Interaction of the antifolate antibiotic trimethoprim with phosphatidylcholine membranes: a 13C and 31P nuclear magnetic resonance study.
The interaction of the bacterial dihydrofolate reductase inhibitor trimethoprim with small unilamellar 1,2-dimyristoyl-sn-glycero-3-phosphorylcholine vesicles was studied using 13C and 31P NMR spectroscopy. In an effort to determine whether trimethoprim passively permeates the vesicle membrane, an impermeant, anionic complex of the paramagnetic ion Dy3+ was added to the extravesicular compartment. Based on the downfield shift that the Dy3+ complex induces in the [2-13C] resonance of trimethoprim in free solution, membrane permeation and movement of the drug into the intravesicular space can in principle be established from observation of the C2 chemical shift alone. In contrast to what is predicted by a two-compartment model separated by a semipermeable barrier, the presence of vesicles virtually reverses the effect of the shift reagent on the [2-13C] carbon resonance. These results suggest that the majority of the trimethoprim might be sequestered within the vesicle membrane. A saturable decrease in the spin-lattice relaxation time and a saturable increase in the line width at half-height of the [2-13C] resonance as a function of vesicle concentration indicated that trimethoprim does in fact bind to the phospholipid matrix of the membrane bilayer. The KD for the interaction calculated from the relaxation data was 9.7 +/- 0.3 X 10(-4) M at a pH of 7.01 and an ionic strength of 0.015 M. The chemical shift of the [2-13C] resonance is unaffected by interaction with the electroneutral membrane, and the pKa increases by only 0.16 upon binding. These results point to an interfacial location for the pyrimidine moiety. Using the paramagnetic shift reagent Pr3+ and the 31P NMR signal from the phosphodiester groups of the membrane lipids, trimethoprim was shown to displace Pr3+ ions from binding sites on the outer membrane surface as would be expected if the polar pyrimidine ring were located at or near the membrane surface. The extent to which trimethoprim and trimethoprim derivatives modified in the 3'- and 4'-positions interact with the exo face of the membrane is strongly dependent on the type of substituent and whether it is in the 3'- or 4'-position. Van der Waals interactions between the 5-benzyl sidechain and the hydrophobic fatty acid region of the membrane interior appear to be necessary for the polar portion of trimethoprim to compete favorably for the membrane-binding site with the polyvalent Pr3+ ion.(ABSTRACT TRUNCATED AT 400 WORDS)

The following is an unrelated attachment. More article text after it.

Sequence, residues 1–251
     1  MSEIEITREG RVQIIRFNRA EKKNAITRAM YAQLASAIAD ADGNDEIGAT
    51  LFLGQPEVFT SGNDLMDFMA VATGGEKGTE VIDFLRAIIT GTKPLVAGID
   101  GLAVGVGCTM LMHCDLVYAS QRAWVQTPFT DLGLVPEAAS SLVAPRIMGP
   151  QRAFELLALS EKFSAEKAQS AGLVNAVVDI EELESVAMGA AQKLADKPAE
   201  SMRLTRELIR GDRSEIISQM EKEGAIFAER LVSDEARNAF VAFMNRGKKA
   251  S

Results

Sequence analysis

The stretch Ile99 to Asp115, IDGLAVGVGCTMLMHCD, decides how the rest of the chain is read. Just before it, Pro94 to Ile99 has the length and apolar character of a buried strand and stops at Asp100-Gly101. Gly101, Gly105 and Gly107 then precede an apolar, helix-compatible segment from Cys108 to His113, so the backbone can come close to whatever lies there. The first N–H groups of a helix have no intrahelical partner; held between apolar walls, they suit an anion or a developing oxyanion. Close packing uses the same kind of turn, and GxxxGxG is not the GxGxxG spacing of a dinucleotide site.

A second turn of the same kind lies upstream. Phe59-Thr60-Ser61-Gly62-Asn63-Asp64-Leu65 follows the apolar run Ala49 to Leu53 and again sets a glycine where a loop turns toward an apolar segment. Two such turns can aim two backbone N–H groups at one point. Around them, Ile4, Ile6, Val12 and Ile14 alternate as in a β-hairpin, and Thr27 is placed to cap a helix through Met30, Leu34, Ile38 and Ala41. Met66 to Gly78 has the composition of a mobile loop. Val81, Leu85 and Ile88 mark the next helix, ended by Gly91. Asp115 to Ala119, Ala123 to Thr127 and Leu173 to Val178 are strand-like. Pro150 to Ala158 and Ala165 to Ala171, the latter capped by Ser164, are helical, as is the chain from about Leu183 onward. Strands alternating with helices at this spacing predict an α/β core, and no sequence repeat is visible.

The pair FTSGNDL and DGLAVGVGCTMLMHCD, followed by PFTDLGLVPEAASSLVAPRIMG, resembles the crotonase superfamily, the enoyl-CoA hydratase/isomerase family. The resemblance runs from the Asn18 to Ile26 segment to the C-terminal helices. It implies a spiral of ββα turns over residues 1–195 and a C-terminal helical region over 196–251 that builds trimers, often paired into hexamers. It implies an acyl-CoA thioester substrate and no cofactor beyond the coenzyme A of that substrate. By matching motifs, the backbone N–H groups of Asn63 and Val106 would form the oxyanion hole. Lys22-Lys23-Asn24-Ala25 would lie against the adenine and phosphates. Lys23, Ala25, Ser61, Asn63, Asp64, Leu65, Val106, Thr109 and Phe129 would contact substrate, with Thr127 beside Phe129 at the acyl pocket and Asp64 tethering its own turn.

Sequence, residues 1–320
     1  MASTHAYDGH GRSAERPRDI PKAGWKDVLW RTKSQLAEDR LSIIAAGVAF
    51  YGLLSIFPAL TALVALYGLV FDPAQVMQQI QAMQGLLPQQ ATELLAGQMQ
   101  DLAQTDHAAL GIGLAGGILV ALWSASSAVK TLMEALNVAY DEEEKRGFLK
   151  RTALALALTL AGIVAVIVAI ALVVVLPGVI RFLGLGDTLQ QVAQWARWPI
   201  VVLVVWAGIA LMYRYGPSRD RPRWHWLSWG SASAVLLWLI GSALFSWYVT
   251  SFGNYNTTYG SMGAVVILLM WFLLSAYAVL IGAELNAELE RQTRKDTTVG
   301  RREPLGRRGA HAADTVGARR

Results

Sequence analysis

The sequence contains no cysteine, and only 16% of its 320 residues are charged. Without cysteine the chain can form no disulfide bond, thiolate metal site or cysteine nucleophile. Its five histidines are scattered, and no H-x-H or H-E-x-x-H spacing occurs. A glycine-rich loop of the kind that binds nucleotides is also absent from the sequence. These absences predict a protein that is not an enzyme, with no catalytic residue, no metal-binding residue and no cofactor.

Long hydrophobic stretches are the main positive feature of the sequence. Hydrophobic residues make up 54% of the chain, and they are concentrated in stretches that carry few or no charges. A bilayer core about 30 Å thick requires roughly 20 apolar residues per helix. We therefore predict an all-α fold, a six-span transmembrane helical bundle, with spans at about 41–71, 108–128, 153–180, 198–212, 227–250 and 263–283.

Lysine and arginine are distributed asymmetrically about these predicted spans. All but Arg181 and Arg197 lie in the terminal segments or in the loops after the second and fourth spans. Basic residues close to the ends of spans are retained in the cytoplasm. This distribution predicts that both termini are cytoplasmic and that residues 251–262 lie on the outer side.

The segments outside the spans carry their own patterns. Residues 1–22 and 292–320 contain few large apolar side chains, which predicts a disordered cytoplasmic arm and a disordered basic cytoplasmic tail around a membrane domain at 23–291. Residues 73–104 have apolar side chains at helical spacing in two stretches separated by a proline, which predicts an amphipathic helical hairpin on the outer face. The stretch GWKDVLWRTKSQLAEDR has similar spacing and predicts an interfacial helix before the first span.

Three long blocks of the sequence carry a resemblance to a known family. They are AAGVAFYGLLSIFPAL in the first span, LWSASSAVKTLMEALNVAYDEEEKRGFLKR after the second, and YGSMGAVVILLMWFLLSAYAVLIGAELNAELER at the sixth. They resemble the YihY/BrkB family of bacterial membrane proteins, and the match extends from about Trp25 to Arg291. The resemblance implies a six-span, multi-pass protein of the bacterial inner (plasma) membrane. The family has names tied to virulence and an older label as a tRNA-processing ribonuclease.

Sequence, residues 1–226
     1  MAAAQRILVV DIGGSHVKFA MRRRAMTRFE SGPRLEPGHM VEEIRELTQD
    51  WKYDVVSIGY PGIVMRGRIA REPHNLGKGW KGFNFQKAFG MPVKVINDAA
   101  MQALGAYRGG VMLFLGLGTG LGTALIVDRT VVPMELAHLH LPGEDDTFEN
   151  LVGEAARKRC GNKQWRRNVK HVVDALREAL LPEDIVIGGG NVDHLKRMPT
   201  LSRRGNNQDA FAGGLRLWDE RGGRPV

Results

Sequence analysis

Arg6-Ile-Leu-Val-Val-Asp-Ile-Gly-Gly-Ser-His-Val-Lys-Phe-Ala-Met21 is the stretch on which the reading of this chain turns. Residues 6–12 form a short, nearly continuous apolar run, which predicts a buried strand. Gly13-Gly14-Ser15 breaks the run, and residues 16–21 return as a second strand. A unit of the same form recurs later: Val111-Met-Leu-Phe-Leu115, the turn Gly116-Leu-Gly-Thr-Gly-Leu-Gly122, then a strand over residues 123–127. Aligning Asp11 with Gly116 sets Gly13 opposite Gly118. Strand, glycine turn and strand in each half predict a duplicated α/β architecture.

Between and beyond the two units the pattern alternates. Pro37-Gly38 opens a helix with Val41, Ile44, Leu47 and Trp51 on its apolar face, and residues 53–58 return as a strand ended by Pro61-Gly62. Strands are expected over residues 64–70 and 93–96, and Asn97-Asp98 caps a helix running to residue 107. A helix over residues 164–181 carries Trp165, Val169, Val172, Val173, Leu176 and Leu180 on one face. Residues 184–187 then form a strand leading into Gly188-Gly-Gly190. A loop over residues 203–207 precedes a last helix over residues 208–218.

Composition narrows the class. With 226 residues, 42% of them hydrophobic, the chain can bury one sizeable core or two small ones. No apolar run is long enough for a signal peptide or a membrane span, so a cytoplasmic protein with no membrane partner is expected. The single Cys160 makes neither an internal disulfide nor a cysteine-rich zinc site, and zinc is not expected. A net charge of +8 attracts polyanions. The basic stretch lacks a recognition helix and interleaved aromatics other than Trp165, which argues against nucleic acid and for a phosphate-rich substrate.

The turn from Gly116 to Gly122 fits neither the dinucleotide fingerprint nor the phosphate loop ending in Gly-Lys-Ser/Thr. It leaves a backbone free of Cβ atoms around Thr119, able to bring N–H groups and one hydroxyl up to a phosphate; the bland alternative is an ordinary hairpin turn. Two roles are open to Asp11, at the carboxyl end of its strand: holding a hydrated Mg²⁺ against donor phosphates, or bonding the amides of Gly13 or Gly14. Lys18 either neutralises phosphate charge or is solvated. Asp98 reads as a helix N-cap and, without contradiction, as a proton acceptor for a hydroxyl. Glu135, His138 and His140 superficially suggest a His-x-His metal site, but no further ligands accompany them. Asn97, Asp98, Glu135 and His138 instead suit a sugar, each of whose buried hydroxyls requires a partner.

Painter, GR; Grunwald, R; Roth, B
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